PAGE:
As the Republicans with this Conservative quartet got more popular mainstream democrats have largely copied many of their planks except a handful of differentiators. And now we have Donald Trump, a non traditional Republican who basically won the Presidential election against Hillary Clinton by moving to the Left and capturing many traditional Democratic voters. Blue Collar manufacturing workers are probable Trump's greatest and most loyal constituency. Traditionally Democratic voters who moved to trump after decades of watching Democratic candidates support issues first championed by Republicans.

Comment:

You do not know how funny I find it that you bring up 1980 and Ronald Reagan as a less partisan time in American Politics.

I suppose you have a point, but it's still an odd thing to hear; because having lived through it, it was one of the time when ideology became a major factor in voting. Reagan was what passed for an extreme Right Wing Candidate at the time. He had run for president several times and was considered too conservative to win a general election. He only won the GOP nomination because the Moderate more centrist republicans had imploded. First Nixon and Watergate. Then Nixon's hand appointed successor Gerald Ford, Pardoned Nixon before the 76 election. The centrists were very weakened openning the Door for Reagan. On the Democratic side, I like to call Jimmy Carter our greatest X-president for all he's accomplished out of office. He was though a pretty disastrous actual President however.

  • Iranian Hostages, - Iran mocking us and Carter hiding in the rose garden of the white house trying to to upset them.. weak.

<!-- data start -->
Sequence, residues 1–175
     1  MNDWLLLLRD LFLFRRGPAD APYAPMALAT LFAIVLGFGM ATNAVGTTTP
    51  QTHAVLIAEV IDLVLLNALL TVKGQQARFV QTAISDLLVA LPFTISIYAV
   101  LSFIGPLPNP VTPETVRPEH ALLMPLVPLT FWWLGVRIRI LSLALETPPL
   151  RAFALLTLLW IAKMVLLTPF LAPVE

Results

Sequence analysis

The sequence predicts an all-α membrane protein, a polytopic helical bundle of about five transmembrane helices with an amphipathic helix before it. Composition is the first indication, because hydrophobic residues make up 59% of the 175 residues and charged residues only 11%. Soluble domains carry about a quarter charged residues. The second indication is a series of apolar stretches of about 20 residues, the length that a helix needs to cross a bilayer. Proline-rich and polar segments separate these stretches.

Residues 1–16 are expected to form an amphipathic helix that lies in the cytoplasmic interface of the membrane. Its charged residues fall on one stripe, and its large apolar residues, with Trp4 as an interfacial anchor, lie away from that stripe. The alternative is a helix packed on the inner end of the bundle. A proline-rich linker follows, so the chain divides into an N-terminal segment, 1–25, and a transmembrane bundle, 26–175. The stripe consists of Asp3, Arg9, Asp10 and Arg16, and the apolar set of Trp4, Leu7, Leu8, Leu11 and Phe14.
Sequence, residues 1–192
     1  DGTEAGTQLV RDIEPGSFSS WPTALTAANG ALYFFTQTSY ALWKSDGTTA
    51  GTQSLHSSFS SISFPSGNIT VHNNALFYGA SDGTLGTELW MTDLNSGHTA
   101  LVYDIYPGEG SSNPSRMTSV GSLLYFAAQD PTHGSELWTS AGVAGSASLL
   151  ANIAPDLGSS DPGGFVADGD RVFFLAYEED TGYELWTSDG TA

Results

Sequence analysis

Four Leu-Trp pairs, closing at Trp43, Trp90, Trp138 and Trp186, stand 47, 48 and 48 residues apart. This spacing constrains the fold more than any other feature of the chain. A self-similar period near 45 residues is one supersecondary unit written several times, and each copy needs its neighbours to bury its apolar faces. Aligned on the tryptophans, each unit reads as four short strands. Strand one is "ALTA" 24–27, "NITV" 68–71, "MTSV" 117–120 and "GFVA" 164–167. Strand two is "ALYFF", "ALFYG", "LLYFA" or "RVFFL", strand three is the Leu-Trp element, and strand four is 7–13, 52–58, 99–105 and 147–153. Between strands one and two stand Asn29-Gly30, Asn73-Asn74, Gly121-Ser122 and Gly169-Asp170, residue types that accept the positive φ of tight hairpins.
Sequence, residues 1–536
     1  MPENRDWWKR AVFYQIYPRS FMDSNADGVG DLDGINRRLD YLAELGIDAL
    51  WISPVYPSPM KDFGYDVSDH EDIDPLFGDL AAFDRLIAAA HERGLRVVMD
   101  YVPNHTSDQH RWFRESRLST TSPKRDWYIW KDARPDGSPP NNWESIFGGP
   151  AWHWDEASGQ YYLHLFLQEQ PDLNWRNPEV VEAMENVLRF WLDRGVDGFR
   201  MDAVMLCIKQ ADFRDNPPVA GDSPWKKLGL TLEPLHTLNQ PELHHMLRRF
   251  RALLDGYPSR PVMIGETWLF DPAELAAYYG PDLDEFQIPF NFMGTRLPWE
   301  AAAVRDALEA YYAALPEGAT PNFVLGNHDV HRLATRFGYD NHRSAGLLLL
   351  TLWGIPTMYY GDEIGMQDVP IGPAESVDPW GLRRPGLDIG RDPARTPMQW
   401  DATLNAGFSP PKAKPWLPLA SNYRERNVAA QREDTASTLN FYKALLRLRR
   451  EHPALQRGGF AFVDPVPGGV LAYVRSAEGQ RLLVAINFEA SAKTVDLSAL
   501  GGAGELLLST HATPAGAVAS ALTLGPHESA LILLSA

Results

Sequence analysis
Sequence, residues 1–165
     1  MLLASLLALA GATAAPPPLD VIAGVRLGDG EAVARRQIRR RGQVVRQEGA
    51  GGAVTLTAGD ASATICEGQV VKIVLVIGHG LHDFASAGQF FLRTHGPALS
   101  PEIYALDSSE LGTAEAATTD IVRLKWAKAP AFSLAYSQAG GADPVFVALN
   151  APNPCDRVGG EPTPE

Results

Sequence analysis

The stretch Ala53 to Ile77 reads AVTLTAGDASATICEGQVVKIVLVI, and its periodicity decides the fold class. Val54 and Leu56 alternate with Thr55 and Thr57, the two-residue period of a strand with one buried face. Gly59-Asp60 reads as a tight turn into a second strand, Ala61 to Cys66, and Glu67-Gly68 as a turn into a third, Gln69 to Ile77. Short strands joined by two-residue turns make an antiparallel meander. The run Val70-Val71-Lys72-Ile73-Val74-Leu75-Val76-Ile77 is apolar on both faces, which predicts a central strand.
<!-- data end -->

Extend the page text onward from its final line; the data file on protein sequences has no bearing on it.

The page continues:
• Arab Oil Embargoes, Prices of gasoline jumped 100-200% and the nation had to go to rationing. Depending on your license plate you were limited to when you could buy gasoline at the pump. Lines for gasoline were super long, out of the parking lots and down the street from the station.
  • Inflation hit 18%
  • Interest rates on home mortgages were above 14%
  • Unemployment under Jimmy Carter hit about 6.5% which was unusually high

I would say the Regan Democratic shift wasn't about the popularity of Reagan initially, but rather Reagan made a case that what the Democrats were doing wasn't working; which was plane to even reliable Democratic voters. That's what lead to that shift.

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  • @Caleth, thank you for the comment, fixed it.
    – user20338
    Oct 22 '20 at 15:41
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The correlation between geography and political ideology in the U.S. at a state level predates the Revolutionary War that began in 1776.

On the issues of the day, Southern states were conservative on the same categories of issues relative to Northern states in the first Congress (e.g. military spending) in 1789 as they are today.

Support for the 19th Amendment to the U.S. Constitution (giving the right to vote to women) in 1920, and support for the 23rd Amendment to the U.S. Constitution (giving the District of Columbia electoral votes) in 1978 match the modern geographical divide for the most part (the 19th Amendment also had a West-East bias that didn't persist on other issues).

If you compare, for example, Presidential election returns from 1876 to 1976, you can see that the persistence of a conservative or liberal leaning in a particular location is extremely persistent over time even down to the county level, notwithstanding even modest continuous migration flows (although really extreme migration events can shift a locality's political leanings).

The names of the conservative and liberal political parties has changed over the years, but the basic ideological make up of the U.S. is largely unchanged, and the ideological makeup of newly added states has rarely changed greatly in the era after a state achieved statehood.

These divides are deep seated and rooted in different sources of colonial era migration to different regions explored at length, for example, in the book Albion's Seed by David Hackett Fischer.